Leagues donate the money from the fines to charity.
If leagues really want to get serious, they hand down suspensions the adult version of a grounding and a loss of allowance all in one.
When Miami Dolphins receiver David Boston was suspended for four games for testing positive for steroids, it cost him a quarter of his salary $1.34 million. Ron Artest lost about $5 million by being suspended for the rest of the season after brawling with Detroit fans, one of the ugliest fights in U.S. sports history.
Baseball players get paid if they're suspended for an on-field infraction, but they still have to pay a fine. Suspensions under the newly toughened steroids rules will be without pay.
''If anybody who basically grew up like we have and was able to work their butt off to get to the NBA, and to lose money and not be able to play and do the things you love?'' said Stephen Jackson, who was suspended for 30 games for his role in the Nov. 19 brawl. ''Guys like me and Ron, we look at basketball like it's our life.''
Players aren't the only ones who feel the pain. Take an elite player off the court or field, and his entire team suffers. With Artest out for the year and Jackson and Jermaine O'Neal suspended for a combined 45 games, the Pacers went from NBA title contender to the playoff bubble. A loss in Boston on Wednesday night dropped them to .500.
When Sammy Sosa served his seven-game suspension for using a corked bat in June 2003, the Chicago Cubs went 3-4. Not horrendous, but the Cubs would have taken an extra victory or two instead of going down to the final weekend to clinch the NL Central.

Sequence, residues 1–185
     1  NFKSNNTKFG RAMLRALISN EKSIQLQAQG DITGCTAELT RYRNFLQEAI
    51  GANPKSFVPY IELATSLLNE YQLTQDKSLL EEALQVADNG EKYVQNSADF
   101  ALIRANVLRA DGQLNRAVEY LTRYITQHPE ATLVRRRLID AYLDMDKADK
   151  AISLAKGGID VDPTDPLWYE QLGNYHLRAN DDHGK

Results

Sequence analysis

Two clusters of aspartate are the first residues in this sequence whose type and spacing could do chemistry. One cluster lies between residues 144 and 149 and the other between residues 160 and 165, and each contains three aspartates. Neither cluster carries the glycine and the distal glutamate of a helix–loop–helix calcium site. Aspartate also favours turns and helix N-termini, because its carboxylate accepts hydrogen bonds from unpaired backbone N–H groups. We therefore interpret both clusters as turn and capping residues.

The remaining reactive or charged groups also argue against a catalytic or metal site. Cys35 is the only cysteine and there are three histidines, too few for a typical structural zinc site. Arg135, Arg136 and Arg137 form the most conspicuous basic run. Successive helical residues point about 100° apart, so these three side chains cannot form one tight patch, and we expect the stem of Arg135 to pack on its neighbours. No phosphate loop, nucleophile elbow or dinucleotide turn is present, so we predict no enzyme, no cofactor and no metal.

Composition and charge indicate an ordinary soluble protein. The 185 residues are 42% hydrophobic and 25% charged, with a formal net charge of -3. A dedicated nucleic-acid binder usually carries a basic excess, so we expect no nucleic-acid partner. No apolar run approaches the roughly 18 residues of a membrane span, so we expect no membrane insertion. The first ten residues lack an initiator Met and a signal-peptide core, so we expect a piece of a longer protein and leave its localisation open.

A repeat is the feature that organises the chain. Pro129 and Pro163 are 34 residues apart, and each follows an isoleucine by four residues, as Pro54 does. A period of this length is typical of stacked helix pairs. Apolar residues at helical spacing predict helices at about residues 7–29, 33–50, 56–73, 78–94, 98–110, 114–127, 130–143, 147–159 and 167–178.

''The players that I represented were more concerned about missing time in games,'' said Dennis Gilbert, a former agent who is now an executive with the Chicago White Sox. ''If you take an impact player that gets suspended, not only does it hurt him, it hurts the team. It could end up costing the division title.
''So people who look at it and say, 'Well, I don't care about the money,' are really shortsighted.''
It's a fine line to tread. No league or team wants to be an outlaw operation, and players don't want to be seen as problem children. But they still have a product to sell. Nobody wants a star player out of the game for too long, and outrageous antics get people talking.
Moss' jersey is still one of the top sellers in the league. Fans watch to see Terrell Owens' latest end-zone stunt. Rodman was adored by fans when he was in Chicago.
''Sports are entertainment. Nothing more, nothing less,'' Cuban wrote. ''The leagues know it, but they also realize that they must define their control. The simplest and most fundamental way to do that is through fines.''
And, the flip comments by Moss and a few other players aside, it works, NBA vice president Stu Jackson said.
''In my experience, most players do not want to write a check for any amount of money,'' he said. ''Otherwise, I think you'd see more rampant behavior.''